Posted by: jeanne | July 30, 2014

another day trip, this time to saurdarkrokur

took my final in-residency day trip on monday.  we went to saudarkrokur to buy fish skin leather, and stopped to see the oldest church in iceland, a famous turf house, the cod drying racks, a swim at a pool perched on the edge of a cliff, and a really cool valley leading back to olafsfjordur.

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but first, it was sunrise in olafsfjordur, at around 4 am.  it was a new moon and i’d had a bunch of really vivid dreams, and one of the other residents was awoken by an elf who said goodnight, right at sunrise.  so after looking thru the house for this woman, we decided to go down to the harbor and watch the sun come up.  then we, at least i, went back to bed until it was time to get up.

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siggy and alice picked us up at 9 in the morning, and we went thru the tunnel that opened in 2010 to hedinsfjordur, an abandoned fjord between us and siglufjordur.  why was something this beautiful abandoned?  because avalanches wiped out the last farm not too long ago.

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then thru the next tunnel, and we were in siglufjordur, fjallabyggd’s other city (town).  it’s bigger than olafsfjordur, and still an active fishing port, and full of tourists.  it’s also very touristy.  unfortunately i can’t upload the cheesy tourist photo that best illustrates this.

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this photo is just to show you the scale of these mountains.  in the lower part are several farm buildings, on the left as well as the right.  they are nestled, if you can call it that, between old lava humps that are partially grown over with vegetation.  and above loom the tall tall mountains with their sheer sheer cliffs and crumbly crumbly outcrops.  and there are snowfields above them that don’t melt most summers.

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here is the oldest church in iceland.  it’s called grafarkirkja.  a place called grof, just south of hofsos.  it’s cute, and tiny, and sits in the middle of a large field with a glacier in the background, deep into the mountain.  since distances are so very deceiving in iceland, it could be 30 miles away.  let me look on a map.  okay, 8 miles.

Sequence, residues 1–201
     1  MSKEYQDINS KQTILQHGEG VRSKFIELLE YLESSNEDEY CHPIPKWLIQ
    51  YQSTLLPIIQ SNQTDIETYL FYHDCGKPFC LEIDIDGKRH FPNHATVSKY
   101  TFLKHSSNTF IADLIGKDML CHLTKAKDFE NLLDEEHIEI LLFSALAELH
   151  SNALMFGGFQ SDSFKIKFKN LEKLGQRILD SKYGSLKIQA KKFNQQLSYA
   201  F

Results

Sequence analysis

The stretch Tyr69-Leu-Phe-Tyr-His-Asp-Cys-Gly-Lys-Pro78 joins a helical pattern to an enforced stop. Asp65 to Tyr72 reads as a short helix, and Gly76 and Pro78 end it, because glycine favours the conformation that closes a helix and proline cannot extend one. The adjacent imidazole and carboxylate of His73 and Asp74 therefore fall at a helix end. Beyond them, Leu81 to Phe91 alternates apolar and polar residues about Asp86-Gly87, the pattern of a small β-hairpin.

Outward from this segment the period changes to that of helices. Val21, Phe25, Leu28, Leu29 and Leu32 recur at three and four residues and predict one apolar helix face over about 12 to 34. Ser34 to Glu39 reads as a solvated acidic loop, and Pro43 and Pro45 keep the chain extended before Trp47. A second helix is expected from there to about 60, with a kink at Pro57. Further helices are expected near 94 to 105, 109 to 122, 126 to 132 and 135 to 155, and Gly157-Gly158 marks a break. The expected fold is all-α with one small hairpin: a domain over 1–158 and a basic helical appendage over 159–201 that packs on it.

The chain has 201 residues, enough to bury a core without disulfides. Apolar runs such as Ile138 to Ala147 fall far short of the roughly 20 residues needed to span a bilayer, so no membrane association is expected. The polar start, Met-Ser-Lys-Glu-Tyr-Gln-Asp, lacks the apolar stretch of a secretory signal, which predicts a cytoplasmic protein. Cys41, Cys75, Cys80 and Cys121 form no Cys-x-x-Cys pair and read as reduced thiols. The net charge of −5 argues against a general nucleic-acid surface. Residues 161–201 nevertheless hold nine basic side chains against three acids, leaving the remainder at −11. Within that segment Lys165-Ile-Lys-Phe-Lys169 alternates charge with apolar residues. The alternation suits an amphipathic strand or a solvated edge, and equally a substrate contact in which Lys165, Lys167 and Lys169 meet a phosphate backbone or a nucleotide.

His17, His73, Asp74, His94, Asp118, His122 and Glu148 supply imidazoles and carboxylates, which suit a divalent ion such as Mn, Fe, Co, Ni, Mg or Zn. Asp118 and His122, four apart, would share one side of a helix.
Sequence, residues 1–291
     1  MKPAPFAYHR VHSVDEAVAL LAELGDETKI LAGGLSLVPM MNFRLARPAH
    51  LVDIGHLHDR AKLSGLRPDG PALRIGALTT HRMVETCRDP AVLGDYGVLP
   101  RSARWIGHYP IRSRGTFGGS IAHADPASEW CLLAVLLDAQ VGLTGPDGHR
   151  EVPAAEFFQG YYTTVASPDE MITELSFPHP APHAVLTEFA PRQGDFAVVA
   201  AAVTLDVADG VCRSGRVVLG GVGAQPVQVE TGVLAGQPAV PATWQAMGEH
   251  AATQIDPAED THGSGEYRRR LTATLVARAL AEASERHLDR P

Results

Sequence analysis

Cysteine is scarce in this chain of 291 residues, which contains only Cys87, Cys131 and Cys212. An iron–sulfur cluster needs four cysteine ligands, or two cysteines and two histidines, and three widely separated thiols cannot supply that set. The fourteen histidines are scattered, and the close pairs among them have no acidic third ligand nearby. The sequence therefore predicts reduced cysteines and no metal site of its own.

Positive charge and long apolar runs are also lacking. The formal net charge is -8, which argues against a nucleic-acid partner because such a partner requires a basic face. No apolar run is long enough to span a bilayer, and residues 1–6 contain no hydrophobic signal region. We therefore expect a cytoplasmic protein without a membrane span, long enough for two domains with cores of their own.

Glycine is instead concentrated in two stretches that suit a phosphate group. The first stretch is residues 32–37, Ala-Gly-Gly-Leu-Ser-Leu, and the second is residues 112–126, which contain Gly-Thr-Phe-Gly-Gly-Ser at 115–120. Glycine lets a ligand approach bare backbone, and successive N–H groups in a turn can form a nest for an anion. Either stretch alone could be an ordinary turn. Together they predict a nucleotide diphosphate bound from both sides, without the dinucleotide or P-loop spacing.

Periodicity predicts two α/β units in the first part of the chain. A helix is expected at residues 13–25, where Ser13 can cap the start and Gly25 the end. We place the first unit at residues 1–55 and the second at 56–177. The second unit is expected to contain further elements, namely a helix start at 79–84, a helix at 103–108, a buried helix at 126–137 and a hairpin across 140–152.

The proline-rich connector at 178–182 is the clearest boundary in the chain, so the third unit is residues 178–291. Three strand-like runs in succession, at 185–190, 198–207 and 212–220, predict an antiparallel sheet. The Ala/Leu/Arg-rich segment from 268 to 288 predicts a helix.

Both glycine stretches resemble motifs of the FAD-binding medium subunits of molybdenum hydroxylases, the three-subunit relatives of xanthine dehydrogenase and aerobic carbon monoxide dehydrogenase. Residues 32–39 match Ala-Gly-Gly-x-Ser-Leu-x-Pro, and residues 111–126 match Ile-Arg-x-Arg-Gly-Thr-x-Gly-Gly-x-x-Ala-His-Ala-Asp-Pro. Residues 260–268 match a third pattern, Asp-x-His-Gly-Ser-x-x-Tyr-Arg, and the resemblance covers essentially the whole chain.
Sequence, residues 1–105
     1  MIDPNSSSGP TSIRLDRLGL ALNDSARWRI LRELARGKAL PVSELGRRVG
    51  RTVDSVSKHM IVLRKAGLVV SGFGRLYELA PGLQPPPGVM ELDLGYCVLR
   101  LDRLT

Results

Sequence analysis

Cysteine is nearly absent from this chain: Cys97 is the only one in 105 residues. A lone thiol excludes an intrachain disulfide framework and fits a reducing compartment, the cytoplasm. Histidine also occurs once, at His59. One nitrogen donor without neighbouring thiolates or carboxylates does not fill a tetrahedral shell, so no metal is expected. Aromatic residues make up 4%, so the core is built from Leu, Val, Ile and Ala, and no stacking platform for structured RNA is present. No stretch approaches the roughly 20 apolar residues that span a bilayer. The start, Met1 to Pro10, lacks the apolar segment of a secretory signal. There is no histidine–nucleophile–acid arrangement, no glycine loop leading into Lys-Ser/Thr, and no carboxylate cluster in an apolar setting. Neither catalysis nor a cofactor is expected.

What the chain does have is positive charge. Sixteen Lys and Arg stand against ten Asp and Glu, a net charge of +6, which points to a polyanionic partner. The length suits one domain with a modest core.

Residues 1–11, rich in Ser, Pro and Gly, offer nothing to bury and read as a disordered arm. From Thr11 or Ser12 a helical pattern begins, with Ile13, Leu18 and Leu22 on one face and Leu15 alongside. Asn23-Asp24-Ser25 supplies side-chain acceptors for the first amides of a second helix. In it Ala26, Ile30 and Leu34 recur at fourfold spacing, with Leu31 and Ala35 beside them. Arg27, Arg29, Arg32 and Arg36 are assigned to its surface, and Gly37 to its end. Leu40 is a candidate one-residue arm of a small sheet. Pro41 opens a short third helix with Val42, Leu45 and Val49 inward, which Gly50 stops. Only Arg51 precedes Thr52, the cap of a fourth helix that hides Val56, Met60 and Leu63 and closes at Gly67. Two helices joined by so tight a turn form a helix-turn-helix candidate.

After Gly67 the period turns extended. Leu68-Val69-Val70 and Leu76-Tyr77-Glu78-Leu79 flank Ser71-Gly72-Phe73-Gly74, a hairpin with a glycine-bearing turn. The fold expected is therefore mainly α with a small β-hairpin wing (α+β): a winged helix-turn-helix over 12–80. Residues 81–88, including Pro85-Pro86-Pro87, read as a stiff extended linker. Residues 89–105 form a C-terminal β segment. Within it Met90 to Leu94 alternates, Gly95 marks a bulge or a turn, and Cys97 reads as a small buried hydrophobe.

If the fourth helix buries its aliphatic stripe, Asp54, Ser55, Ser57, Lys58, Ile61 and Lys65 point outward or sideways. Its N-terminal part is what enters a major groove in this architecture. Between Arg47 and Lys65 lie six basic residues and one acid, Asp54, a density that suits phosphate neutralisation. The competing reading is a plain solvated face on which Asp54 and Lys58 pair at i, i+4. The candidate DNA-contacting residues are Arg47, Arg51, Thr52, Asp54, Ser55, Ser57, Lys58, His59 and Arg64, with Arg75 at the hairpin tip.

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anyway, it’s really cute.  it’s in a round graveyard built of turf, with grass growing all over pretty much everything.

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speaking of turf houses, this one was the home of a well-to-do pastor and his flock, i mean family and servants, however they worked those things back in the 1800s.  glaumbaer, it’s called, adn the property was settled right in teh beginning of iceland’s history.

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it’s made of turf, which nobody burns now except for smoking salmon and lamb.  but they cut it thick and stacked it, and kept it watered so it wouldn’t crack, and let grass grow in it.

 

 

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they cut out windows so you could see inside, and there were bunches of rooms, all with different purposes.  it wasn’t heated, but the sheep were kept under the bedroom floor, which was the only wooden floor, the rest being packed dirt.  the insides were made of turf, too, and walking thru the place, it would reverberate when you thump the walls.  pretty interesting, actually.

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and these were some of the things they used back then.  the house was full of things they used back then.  so was the tea room, and the gift shop.  and outside, geologists were doing testing on the grounds, which was kind of surreal, because the folks inside the gift shop, tea room and at the ticket booth inside the house were all wearing dreary old fashioned clothes.  sorry, but it all looked so uncomfortable, but warm, i’ll give it that.

 

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then it was on to saudarkrokur and the fish skin factory.  they don’t just do fish skins; they started tanning sheepskins and cow hides, etc.  but they figured out how to tan salmon and perch and something from victoria lake in africa, i forget the name (wolffish?).  and the result is a leather that is stronger for its thickness than any other kind of leather.  and they had a bargain bin in the back, so i got loads of leather to take home and distribute to various leatherworking friends.